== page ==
For technical contributions to the problem of object detection in images which have had very high impact in the fields of computer vision and machine learning.
Pedro Felzenszwalb developed new methods for detecting objects in pictures and video. These methods are key building blocks for most current solutions to object recognition, and have changed the shape of the field. Beginning with his MS and PhD work at MIT, Felzenszwalb has made continuous contributions to the field of object recognition, including highly respected work with D.P. Huttenlocher on the efficient matching of deformable, part-based models. The results of Felzenszwalb's work on object detection with R.B. Girshick, D. McAllester, and D. Ramanan, are the current state of the art. These new methods use a sliding window that is moved around the image, testing the underlying image pattern. Scores that evaluate matches to a set of local patterns, and check whether the local patterns are in about the right place, are combined. The innovative approach, which collects and combines a variety of observations from earlier papers, won the international PASCAL Visual Object Classes Challenge in 2008 and 2009. In addition to his novel algorithms and theoretical results, Felzenszwalb has contributed widely-used, open-source software for computer vision, thereby stimulating new research and applications.Scroll Up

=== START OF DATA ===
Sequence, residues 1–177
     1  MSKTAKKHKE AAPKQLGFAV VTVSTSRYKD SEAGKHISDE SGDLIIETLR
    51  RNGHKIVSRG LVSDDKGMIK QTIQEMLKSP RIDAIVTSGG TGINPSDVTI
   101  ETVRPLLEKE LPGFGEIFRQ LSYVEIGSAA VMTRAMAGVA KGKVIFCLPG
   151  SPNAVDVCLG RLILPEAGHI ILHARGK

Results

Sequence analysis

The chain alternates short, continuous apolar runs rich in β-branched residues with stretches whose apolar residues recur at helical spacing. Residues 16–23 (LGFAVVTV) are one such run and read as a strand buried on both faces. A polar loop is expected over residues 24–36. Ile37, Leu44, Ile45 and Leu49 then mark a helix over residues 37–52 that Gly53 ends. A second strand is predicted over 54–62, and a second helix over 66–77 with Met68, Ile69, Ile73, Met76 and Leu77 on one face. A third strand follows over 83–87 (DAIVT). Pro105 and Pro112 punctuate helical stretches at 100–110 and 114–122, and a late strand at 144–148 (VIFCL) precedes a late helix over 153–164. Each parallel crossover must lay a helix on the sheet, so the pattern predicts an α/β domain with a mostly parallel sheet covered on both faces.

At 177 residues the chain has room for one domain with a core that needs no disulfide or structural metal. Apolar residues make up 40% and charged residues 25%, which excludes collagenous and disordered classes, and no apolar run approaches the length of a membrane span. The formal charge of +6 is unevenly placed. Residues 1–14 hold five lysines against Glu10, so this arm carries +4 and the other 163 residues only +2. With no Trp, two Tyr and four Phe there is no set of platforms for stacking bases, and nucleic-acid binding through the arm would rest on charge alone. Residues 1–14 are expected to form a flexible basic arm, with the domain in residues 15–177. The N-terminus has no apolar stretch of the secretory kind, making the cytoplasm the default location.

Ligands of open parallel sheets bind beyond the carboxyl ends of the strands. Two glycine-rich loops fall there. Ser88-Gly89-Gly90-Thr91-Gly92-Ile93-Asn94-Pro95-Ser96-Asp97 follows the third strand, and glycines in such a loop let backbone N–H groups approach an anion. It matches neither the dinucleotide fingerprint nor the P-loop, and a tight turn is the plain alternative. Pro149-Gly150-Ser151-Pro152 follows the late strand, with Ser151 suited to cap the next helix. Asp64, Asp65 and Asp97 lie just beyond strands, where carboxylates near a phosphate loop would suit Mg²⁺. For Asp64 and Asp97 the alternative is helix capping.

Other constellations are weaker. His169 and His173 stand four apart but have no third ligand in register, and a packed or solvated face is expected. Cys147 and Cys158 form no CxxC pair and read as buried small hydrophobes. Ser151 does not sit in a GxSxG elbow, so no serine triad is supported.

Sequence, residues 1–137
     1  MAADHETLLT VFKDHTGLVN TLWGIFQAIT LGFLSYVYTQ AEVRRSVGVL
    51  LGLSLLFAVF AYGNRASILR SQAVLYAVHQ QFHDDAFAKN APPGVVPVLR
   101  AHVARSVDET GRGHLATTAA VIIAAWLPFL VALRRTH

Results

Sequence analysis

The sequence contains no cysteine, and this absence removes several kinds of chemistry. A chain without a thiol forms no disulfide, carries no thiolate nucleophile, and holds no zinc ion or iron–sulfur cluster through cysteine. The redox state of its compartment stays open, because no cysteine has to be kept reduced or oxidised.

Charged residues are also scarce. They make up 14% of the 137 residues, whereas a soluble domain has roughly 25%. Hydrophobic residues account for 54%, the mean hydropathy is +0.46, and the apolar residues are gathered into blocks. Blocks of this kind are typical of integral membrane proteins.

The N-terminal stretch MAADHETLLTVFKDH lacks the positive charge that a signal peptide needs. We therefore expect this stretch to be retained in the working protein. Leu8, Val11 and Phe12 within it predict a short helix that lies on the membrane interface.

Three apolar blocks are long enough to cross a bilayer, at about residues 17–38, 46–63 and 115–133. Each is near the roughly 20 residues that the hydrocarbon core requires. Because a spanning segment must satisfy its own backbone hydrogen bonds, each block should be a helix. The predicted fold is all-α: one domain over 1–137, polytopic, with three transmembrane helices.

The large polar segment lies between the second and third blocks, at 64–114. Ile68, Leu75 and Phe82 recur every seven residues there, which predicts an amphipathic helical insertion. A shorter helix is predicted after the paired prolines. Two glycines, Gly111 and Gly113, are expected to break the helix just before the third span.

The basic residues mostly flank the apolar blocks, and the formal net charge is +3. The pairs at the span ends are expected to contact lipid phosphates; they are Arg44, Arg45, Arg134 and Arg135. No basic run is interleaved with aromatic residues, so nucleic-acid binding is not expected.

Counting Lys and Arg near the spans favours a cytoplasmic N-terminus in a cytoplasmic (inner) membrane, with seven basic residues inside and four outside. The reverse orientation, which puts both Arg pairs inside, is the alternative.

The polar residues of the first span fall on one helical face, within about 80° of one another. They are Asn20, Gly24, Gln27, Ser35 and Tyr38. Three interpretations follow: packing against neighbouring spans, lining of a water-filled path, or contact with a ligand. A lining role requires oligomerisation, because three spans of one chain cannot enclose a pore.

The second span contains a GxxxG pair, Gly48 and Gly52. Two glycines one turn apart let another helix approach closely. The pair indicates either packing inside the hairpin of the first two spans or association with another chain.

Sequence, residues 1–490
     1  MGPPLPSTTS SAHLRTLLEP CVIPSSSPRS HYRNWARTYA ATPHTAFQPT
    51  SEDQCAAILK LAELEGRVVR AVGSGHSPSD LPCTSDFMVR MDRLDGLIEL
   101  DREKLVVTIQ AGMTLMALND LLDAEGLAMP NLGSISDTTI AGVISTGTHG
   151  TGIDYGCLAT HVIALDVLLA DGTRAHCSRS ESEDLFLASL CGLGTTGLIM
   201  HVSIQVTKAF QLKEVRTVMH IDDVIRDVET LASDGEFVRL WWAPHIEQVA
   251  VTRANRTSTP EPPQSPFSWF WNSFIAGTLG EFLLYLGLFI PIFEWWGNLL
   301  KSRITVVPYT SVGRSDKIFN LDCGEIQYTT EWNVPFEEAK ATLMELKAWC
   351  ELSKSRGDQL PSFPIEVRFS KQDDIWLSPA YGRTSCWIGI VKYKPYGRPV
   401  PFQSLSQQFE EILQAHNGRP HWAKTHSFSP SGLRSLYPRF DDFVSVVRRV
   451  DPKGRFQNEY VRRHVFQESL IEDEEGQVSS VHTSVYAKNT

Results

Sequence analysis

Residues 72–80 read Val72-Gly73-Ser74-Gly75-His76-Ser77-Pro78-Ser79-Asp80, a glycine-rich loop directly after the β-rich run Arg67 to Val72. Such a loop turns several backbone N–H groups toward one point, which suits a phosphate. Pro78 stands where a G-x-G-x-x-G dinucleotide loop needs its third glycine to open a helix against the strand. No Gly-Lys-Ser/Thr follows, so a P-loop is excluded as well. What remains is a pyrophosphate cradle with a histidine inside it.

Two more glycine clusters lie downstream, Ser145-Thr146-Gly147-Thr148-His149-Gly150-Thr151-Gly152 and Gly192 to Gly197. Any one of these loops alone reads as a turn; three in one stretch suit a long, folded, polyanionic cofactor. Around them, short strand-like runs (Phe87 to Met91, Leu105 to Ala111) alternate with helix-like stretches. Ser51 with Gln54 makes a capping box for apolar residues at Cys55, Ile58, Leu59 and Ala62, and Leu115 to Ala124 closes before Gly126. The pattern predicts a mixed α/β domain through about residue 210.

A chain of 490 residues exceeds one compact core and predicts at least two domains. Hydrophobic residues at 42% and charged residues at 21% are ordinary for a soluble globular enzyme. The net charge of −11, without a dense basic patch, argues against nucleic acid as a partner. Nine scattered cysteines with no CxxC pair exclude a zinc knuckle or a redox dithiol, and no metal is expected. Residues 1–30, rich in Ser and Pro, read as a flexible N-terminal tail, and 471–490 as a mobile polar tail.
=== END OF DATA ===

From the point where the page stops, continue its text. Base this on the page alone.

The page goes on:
Pedro Felipe Felzenszwalb is the recipient of the 2013 Grace Murray Hopper Award for contributions to object recognition in pictures and video. Felzenszwalb developed innovative methods that have become key building blocks for most solutions to object recognition. His recent approach uses a sliding window that is moved around the image, testing the underlying image data to determine if local patterns are properly located. He also contributed widely- used, open-source software for computer vision, stimulating new research and applications. Felzenszwalb is an associate professor of Engineering and Computer Science at Brown University.